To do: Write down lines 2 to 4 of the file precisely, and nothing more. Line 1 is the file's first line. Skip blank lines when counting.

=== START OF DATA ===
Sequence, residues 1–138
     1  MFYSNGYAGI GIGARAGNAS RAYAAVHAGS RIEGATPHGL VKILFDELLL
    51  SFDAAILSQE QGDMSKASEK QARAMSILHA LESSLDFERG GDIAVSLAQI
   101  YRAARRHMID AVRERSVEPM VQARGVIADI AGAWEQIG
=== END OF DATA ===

     1  MFYSNGYAGI GIGARAGNAS RAYAAVHAGS RIEGATPHGL VKILFDELLL
    51  SFDAAILSQE QGDMSKASEK QARAMSILHA LESSLDFERG GDIAVSLAQI
   101  YRAARRHMID AVRERSVEPM VQARGVIADI AGAWEQIG